Rain is slashing against the porthole. Wind howls as it wraps around the boat. Why did He wait so long to go back? Didn’t He see this weather coming? Or is this a calculation of His? Did He wait for the cover that the storm would provide?

I snatch a book from the shelf and lay it next to me while I pull the blanket over my head. Tipping back the front cover, my fingers search for the loopy grooves on the inside - her maiden name, written in a hand so definite it seems she’d been trying to push the pen all the way through the hard cover. I trace it over and over while the wind squeals outside. Squeezing my eyes closed, I pucker my lips and blow, shakily giving voice to the wind.


If I could conjure my mother from the inscription beneath my fingers, I would. I’d summon my first memory of her: The form would be invisible at first - I’d only feel the warmth of her body, the rise and fall of her chest beneath my head. I’d feel her comforting presence in the middle of a storm that had nearly thrown me from my bed. I’d feel her hand on either side of my face, smell chocolate on her breath as she blows a puff of air at me that puts a hiccup-stop to my frightened wailing.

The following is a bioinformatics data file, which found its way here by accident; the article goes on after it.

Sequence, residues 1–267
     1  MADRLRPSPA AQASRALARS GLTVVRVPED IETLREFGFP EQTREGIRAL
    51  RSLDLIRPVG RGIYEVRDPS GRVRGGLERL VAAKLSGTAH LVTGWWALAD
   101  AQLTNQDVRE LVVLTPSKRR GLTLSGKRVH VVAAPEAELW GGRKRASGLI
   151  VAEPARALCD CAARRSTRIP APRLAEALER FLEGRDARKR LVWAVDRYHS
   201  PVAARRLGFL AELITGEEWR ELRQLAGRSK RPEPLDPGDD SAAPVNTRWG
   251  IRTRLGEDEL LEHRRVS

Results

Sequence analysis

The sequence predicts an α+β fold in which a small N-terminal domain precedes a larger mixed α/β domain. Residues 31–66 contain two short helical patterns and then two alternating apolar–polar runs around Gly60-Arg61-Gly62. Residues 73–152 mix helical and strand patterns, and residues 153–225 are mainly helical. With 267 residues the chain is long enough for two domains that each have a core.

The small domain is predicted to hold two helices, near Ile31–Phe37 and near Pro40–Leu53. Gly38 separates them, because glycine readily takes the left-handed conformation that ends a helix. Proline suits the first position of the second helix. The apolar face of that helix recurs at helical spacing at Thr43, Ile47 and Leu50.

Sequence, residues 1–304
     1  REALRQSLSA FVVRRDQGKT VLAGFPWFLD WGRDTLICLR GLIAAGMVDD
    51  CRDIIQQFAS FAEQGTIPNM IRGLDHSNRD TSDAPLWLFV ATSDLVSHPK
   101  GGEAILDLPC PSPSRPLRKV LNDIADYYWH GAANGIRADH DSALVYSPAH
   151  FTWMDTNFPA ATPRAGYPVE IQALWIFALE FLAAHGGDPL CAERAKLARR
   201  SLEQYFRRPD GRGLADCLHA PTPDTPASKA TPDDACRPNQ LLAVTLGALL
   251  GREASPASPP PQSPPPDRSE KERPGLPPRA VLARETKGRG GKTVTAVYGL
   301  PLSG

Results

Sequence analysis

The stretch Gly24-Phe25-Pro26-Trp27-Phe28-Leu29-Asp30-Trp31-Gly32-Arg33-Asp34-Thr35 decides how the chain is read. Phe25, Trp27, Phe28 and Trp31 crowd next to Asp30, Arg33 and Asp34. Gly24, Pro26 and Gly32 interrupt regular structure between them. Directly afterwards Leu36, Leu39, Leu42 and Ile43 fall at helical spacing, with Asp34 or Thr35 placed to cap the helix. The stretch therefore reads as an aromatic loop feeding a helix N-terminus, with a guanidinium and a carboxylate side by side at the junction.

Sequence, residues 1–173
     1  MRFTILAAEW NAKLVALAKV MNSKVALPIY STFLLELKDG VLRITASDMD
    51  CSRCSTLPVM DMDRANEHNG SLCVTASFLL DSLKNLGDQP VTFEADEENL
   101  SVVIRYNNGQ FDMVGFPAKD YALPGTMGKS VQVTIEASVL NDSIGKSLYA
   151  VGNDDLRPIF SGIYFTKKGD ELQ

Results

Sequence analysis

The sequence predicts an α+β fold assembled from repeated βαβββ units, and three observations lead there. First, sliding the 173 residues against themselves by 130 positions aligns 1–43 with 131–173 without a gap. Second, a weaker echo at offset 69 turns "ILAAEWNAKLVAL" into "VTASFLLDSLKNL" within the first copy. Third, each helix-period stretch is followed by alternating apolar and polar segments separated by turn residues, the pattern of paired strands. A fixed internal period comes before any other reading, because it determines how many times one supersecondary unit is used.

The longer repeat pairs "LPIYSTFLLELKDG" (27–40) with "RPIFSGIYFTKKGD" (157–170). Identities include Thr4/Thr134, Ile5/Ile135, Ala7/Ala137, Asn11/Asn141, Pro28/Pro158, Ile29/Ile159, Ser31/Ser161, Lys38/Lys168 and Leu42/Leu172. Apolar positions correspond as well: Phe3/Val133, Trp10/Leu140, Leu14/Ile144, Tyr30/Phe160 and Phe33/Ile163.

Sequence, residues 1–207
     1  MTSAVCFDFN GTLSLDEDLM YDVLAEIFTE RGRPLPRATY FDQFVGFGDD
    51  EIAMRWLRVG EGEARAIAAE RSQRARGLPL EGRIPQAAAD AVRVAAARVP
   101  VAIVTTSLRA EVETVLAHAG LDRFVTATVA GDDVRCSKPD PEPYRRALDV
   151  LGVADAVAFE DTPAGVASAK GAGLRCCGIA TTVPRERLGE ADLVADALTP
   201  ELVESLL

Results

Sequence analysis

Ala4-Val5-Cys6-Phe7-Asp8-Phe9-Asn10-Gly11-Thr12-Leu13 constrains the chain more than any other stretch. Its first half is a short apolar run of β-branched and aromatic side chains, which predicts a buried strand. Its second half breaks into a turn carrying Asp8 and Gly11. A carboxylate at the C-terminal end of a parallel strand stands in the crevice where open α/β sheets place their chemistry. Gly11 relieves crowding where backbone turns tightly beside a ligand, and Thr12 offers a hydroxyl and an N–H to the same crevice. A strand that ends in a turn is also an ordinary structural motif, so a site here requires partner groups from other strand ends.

Then, I’d hear her voice: Listen. Listen to the wind trying to sing. Come on, wind! Give us your scariest song!

Her quiet howl: Oooo! Ooooo! You try.

Ooo! I voice my breath and press my fingers into her loops and slants, invoking the final dimension: her smiling face, visible in the momentary flash of lightening.

What makes the brain decide that this is it –we’re going to do something we’ve never done before and save this moment forever? Where’s the mechanism that decides that it’s time to start imprinting snippets of your life onto your cells so that you can never be rid of them?

If memory is all about the brain gathering clues for survival, then I get why there are no end to the memories of my mother with eyes that deaden as soon as He comes into the room, of hands covering ears to block out His ranting, of one side of her face marked with a perfect red copy of His hand and the other side purple from His fist. When these flash through my mind, the message is fresh and insistent – Danger! Stay away!

There’s a loud bolt of lightning and the phantasm dissipates into the reality of the empty room. Brushing my fingers against the inside of the book cover, I start all over again, recalling every sensation that’d constructed that first memory; it’s the only memory I have left of her smile and it won’t be lost, won’t be recycled and imprinted with more experiences my brain recognizes as crucial for continued existence.

If it wasn’t for Him, there could have been so many more memories like this one.